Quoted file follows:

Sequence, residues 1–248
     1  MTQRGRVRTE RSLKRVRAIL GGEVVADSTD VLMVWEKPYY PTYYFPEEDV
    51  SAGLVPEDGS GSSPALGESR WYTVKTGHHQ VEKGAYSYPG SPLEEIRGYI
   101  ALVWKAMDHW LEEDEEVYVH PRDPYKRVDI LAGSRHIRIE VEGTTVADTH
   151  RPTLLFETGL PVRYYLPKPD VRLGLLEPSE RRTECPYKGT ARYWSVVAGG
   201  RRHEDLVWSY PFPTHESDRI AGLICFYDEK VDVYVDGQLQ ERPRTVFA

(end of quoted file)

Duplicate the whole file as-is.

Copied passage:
Sequence, residues 1–248
     1  MTQRGRVRTE RSLKRVRAIL GGEVVADSTD VLMVWEKPYY PTYYFPEEDV
    51  SAGLVPEDGS GSSPALGESR WYTVKTGHHQ VEKGAYSYPG SPLEEIRGYI
   101  ALVWKAMDHW LEEDEEVYVH PRDPYKRVDI LAGSRHIRIE VEGTTVADTH
   151  RPTLLFETGL PVRYYLPKPD VRLGLLEPSE RRTECPYKGT ARYWSVVAGG
   201  RRHEDLVWSY PFPTHESDRI AGLICFYDEK VDVYVDGQLQ ERPRTVFA